Apples and Roses

 

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Strolling through the Park of Roses, fall’s arrival was the big picture. Straggling branches, limp in the unseasonable heat, created a scene of tangled decay. The up-close view was quite different and surprisingly fresh and beautiful.  Here and there could be found the most perfect of rose blooms, exuberant in their beauty, even on the last Monday of September. (Yes, this one—–)

With concerns for  the future of American civility and fear of nuclear war as world leaders exchange threats, the big picture is grim and unsettling.  But up close, there is a walk in the park with Alicia and Leo, applesauce in the slow cooker perfuming the afternoon house, and an evening rehearsal of Haydn’s Mass No. 3 in D Minor.

So. I’m going with roses and goodness today. And what better way to celebrate late roses  and right-on-time apples than with Bourbon Butter Apple Skillet.  Sauce is adapted from Sherry McKenney’s  maple pecan cake recipe, found in her cookbook, A Taste of the Murphin Inn. Thanks, Sherry!

Bourbon Butter Sauce:  Combine all ingredients and stir until heated through.

1 Cup sugar

1/2 cup half-and-half

1/2 cup butter

2 tsp vanilla

2 tsp bourbon (with lots of spill-over)

Thinly slice a few apples (leave on the skins) and toss them in a skillet with some of the prepared sauce.  Use medium heat until apples are cooked through but not soggy.  (5-10 minutes or so)  Serve in dessert bowls with a small pitcher of cream for drizzling.

 

 

 

 

 

 

 

 

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Moonrise

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courtesy of pixabay.  

9:07 p.m. Friday, June 9, 2017.  It’s showtime and we are standing on the crest of the hill, facing east.  Where’s the full moon?  The sky has that summer haze, and the horizon is looking cloudy.  So we wait.

How to Wait for Moonrise:

Stand tall.

Feel the grass prickle your bare ankles.

Wrap your arms around your beloved and inhale his summer-rich scent.

Hear the swallows chortle as they ride the evening breeze.

Notice the cooling air on nape of neck.

Continue returning to the moment and practice patience.

The best things in life are free.  There it is, whole and entire, now visible in the dusky sky.  It travels quickly, changing from white to an orange-mauve hue, gaining in brilliance with every minute.  Yes, I could be in the city indulging in any number of entertainments, but this is where I want to be.  On the hill.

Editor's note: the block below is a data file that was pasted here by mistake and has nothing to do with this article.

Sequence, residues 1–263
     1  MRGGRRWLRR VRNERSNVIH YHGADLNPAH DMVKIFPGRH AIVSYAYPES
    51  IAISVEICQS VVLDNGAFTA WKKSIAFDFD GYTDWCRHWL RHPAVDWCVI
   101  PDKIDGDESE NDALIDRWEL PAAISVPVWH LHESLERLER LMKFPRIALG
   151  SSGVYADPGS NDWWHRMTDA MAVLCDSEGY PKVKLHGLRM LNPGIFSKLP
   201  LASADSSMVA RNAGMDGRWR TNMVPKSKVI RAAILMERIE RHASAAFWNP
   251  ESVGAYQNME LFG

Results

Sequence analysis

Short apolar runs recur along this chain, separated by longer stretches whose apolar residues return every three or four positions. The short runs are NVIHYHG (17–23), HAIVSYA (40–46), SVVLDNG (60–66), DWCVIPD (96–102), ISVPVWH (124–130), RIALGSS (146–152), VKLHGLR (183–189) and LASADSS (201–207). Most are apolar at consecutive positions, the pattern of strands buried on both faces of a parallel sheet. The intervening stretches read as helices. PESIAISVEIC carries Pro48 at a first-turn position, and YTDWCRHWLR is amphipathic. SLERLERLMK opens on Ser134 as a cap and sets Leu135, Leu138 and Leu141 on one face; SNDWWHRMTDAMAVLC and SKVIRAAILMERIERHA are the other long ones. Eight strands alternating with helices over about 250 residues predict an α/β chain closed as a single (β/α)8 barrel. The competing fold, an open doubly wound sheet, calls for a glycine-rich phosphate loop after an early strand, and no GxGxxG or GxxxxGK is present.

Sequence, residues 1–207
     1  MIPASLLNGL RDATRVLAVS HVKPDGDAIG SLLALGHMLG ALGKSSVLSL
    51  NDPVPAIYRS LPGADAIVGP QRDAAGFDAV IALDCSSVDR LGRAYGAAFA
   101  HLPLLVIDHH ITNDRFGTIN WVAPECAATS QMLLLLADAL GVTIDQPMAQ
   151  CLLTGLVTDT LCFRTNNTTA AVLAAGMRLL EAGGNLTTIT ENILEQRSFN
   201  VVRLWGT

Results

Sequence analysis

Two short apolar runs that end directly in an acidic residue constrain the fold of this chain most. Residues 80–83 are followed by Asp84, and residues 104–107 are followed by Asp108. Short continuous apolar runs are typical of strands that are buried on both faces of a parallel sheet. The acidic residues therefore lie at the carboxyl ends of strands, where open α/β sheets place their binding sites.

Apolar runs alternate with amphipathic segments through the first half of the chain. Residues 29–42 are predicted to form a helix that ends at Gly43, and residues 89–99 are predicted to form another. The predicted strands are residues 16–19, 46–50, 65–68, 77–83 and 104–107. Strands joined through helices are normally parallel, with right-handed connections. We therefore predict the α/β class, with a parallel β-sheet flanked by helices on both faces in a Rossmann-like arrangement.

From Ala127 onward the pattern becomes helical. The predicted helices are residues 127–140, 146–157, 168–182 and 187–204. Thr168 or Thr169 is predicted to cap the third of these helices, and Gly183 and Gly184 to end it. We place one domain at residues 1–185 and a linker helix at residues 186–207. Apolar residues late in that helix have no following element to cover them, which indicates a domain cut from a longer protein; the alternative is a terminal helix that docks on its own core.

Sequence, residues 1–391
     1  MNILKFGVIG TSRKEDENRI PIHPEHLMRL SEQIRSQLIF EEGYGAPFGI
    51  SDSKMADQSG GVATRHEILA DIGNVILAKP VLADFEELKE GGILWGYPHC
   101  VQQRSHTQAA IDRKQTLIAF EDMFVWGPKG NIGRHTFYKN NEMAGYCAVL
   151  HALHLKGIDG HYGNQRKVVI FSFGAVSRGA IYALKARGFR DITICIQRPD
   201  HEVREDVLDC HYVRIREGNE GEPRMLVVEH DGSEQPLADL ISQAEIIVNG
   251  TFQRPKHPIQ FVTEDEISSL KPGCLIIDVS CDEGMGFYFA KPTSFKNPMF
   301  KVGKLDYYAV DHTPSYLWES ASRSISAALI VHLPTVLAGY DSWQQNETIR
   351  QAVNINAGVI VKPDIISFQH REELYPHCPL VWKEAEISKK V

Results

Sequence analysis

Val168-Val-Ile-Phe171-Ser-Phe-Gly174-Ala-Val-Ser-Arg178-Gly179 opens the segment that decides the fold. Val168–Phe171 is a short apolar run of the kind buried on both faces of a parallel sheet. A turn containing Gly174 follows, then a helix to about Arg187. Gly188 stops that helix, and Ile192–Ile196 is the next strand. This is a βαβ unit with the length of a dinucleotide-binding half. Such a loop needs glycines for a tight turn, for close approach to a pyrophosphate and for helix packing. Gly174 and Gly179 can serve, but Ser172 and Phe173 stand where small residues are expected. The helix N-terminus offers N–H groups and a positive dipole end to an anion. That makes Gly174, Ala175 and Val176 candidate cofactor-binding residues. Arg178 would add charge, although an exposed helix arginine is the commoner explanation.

May you find a place, a moment, of beauty today.  It’s worth waiting for.

 

 

 

 

 

Night Sky, Part II

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thanks, pixabay

Nocturnal visits to the back porch composting toilet often turn into sky watching events, with stars, planets, constellations and occasional flaming meteors streaking above.  It is also extraordinary to be up and about when a crescent moon is setting to the west.  Its proximity to the horizon enlarges its size as its white brilliance slides under the horizon in utter silence.

As one who appreciates these night-time interludes, I was pleased to find myself in good company on the reading of a Junichiro Tanizaki essay, ‘In Praise of Shadows.’ He devotes two pages to the glories of the Japanese toilet.  A quote: ...‘the toilet is the perfect place to listen to the chirping of insects or the song of the birds, to view the moon, or to enjoy any of those poignant moments that mark the change of the seasons.  Here, I suspect, is where haiku poets over the ages have come by a great many of their ideas.’*

Mr. Alexander applied the principles of good use to the requirements of daily life:  sitting, standing, moving from seated to standing and vice versa, traveling stairs, walking, resting.  And to them we can add the middle-of-the-night constitutional.

Notice the beauty wherever you find yourself today. Be present to your Self and your Use. Yes indeed, even in the water closet.

*Tanizaki’s essay can be found in The Art of the Personal Essay: An Anthology from the Classical Era to the Present, editor/Phillip Lopate.

Yellow

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Hazel-Atlas Glass Co., Ovide creamer/sugar in yellow platonite, circa 1950’s

When teaching the Alexander Technique, I often malign the visual sense, accusing it of being way over-developed to the exclusion of other senses, and often to the omission of the kinesthetic sense.  But what about using this well-trained sense to assist in returning us to our fully-embodied selves?

A definition is in order.  Kinesthesia is our neglected sixth sense, giving us information about our body; its position, size, and movement. Basic kinesthetic distinctions include:  tense, free, balanced, unbalanced.  It is these qualities which we learn to discern in the practice of the Technique.

A word about the cream and sugar set.  I found these sweeties at the West Liberty Labor Day Festival.  Wilma and I were trudging back to the parking lot on a sizzling sun-drenched afternoon, having strolled the festival grounds for hours.  I was hot.  I was tired.  I was tense and unbalanced.  Along the final stretch of booths, a table of $2 items, on which sat the cream and sugar beauties.  The saturated yellow color made me happy.  I perked ‘up,’ so to speak.  I moved up into length and width, a refreshing boon at the end of the festival day, as restorative as a glass of ice water.  Free and balanced.

Yehuda Cooperman, an Alexander Technique teacher living and working in Israel, offered these gems on ‘yellow’ at a Cincinnati AT teacher workshop:

  • Paint the yellow between you and your student.  Before you direct, you must paint, and the painting is by two painters; teacher and student.